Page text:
What they get is a landing on a deserted world where the spaceport still sort of functions, where the ship takes on fuel and departs in fairly short order; then another world around a different sun, where the passengers run afoul of a favorite Norton trope: vile, hostile alien monsters. They just barely get out ahead of those, for another, much shorter hop within in the same system. And that, apparently, is the ship’s home base. It’s alive, green, and full of various forms of life, mostly benevolent and a few emphatically not.

One of the former is a species of intelligent beings with some memory of the fallen empire, who are willing to trade with the humans for what the humans hope will be navigation tapes like the one Renfry has been figuring out. All they want to do, in true Dorothy-in-Oz fashion, is find a way to get home. Renfry hopes he can reverse the tape that brought him here, but it’s a wild gamble.

It does, in the end, pay off, and we’re set up for the next installment, The Defiant Agents. Meanwhile the project has a viable starship and a decent start on how to run it, and a fair certainty that empire it comes from is long gone.

Travis Fox is an interesting character, and not just because he’s Native American in a novel first published in 1959. He’s an obvious cousin to Hosteen Storm of the Beast Master series, and Kade Whitehawk, the “Sioux Spaceman.”

Norton tried hard to give voices to non-whites and especially Native Americans. Travis is an Apache, and while there’s more than a hint of the racial determinism that Norton didn’t seem able to avoid despite her best intentions, he’s explicitly not stereotyped as poorly educated and poverty-stricken. He declares firmly, “I did four years at State U. There’s more to us than beads and feathers.” For a boy’s adventure published in 1959, this is just a little bit radical.

Travis and Ross butt heads fairly often especially in the beginning, and that’s subversive, too. Ross is white, but he came to the project with minimal education, and he has a criminal record. Travis is the one with the college degree and the academic expertise—but he’s also been shut out of a job in his field by plain old ugly racism.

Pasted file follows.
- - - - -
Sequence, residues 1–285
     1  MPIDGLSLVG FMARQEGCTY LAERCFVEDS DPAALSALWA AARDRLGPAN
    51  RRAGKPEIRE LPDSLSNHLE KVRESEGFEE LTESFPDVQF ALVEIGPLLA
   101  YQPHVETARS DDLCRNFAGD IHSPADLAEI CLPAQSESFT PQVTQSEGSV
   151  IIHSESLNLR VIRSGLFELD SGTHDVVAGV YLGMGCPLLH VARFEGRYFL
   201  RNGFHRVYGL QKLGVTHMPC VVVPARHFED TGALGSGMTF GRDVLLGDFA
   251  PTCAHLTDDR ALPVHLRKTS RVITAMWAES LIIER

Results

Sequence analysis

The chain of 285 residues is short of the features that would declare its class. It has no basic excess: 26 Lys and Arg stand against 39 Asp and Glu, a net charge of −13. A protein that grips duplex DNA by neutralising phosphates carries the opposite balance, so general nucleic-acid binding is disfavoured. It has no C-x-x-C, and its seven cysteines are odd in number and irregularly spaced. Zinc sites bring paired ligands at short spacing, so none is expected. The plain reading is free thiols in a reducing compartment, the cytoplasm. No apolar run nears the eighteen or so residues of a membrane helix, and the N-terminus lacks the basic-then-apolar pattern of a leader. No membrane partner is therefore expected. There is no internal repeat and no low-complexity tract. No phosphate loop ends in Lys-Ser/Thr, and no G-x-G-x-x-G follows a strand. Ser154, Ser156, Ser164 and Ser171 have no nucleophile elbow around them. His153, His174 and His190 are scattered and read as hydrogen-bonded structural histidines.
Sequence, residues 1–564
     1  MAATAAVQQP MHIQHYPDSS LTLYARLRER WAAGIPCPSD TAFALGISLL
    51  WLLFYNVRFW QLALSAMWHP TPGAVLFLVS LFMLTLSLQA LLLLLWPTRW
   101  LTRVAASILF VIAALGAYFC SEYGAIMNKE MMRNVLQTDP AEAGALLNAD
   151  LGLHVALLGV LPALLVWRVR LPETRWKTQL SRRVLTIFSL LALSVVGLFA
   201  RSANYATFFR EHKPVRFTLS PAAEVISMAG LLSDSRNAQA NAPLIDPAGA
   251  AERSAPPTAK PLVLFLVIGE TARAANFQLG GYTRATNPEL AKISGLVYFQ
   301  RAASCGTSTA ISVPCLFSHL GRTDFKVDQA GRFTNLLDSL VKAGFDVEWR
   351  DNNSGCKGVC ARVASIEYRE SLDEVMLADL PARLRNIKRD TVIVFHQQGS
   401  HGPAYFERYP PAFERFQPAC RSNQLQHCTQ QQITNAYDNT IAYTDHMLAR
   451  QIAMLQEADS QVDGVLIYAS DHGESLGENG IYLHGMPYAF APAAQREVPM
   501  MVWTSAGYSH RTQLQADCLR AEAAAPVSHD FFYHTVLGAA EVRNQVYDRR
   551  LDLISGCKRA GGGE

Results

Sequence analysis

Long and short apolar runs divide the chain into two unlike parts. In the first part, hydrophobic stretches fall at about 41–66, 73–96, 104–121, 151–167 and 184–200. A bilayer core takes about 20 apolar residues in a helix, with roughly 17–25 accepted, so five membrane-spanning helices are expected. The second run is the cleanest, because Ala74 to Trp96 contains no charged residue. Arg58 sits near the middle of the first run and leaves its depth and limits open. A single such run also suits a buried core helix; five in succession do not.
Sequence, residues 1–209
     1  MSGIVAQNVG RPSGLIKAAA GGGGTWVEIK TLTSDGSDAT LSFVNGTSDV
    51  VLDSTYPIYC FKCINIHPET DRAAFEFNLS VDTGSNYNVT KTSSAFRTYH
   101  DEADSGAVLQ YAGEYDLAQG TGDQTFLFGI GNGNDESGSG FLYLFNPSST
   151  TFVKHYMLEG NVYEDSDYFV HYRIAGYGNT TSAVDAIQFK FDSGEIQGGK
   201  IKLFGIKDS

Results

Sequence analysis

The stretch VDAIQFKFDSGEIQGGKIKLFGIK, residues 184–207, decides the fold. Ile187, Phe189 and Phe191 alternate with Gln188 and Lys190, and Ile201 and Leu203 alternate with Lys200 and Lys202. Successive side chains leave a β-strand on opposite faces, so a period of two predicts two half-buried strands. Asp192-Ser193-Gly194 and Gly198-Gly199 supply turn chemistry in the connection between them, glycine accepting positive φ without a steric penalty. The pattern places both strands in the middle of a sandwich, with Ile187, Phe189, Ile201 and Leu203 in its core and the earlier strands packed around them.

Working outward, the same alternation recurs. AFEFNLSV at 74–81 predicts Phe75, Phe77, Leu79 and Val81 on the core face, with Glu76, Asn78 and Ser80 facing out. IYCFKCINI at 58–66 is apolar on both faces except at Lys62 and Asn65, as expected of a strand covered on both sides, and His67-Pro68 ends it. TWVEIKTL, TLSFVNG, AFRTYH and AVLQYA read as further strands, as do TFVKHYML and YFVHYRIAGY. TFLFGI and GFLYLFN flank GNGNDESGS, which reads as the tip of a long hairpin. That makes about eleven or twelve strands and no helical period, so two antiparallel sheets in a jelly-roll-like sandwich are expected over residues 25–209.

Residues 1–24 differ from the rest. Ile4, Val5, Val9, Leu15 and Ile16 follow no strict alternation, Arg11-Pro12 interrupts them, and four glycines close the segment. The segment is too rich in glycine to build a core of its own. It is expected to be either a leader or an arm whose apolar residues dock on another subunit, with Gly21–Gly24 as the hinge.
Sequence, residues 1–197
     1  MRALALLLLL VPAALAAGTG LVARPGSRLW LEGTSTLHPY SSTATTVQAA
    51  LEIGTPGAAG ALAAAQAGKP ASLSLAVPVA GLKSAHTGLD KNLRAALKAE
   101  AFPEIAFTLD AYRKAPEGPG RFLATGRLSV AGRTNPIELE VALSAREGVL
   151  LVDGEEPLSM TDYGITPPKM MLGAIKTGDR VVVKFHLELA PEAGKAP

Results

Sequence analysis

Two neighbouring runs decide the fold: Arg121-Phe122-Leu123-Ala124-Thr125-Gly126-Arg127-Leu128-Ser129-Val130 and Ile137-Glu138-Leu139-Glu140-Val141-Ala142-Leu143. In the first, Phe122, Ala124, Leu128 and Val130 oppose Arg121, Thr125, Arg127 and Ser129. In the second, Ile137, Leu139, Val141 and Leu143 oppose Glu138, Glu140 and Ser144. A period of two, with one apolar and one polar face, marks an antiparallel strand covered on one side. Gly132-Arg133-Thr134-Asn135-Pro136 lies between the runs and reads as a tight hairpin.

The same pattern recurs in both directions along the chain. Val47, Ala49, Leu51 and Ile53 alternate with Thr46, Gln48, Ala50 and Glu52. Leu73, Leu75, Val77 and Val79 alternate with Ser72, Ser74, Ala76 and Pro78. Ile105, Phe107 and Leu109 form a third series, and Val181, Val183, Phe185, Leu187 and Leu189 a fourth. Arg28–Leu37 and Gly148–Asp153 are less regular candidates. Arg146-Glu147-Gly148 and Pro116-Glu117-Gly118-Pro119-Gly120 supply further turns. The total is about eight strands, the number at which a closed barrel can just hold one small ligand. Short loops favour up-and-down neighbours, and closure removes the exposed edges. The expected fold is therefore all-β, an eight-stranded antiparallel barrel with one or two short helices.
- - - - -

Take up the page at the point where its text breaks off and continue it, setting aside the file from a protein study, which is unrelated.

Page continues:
Norton makes sure we know exactly what happened and who did it and why, and shows us how justifiably angry Travis is, but also how powerless he was to stop it. Then she gives him a dream job and a trip into space—and some solid prehistoric adventures, too, including encounters with sabertooth cats, giant ground sloths, and mammoths.

We don’t get much interaction with prehistoric human cultures this time, but the alien contacts easily make up for it. They’re all  postapocalyptic remnants, and some appear to have devolved from their original intelligence and culture.

The humans do their best to figure out them all out. The process of learning to survive on an alien ship without an instruction manual, and then on alien worlds for which there is no possible preparation, is a good part of the fun.

I’ll be interested to see what happens now humans (of all ethnicities) have access to space as well as time travel. The Defiant Agents will do at least some of that (with some…problematical elements, but we’ll get to those next time).

Judith Tarr’s first novel, The Isle of Glass, appeared in 1985. Her most recent novel, Dragons in the Earth, a contemporary fantasy set in Arizona, was published by Book View Cafe. In between, she’s written historicals and historical fantasies and epic fantasies and space operas, some of which have been published as ebooks from Book View Café. She has won the Crawford Award, and been a finalist for the World Fantasy Award and the Locus Award. She lives in Arizona with an assortment of cats, a blue-eyed dog, and a herd of Lipizzan horses.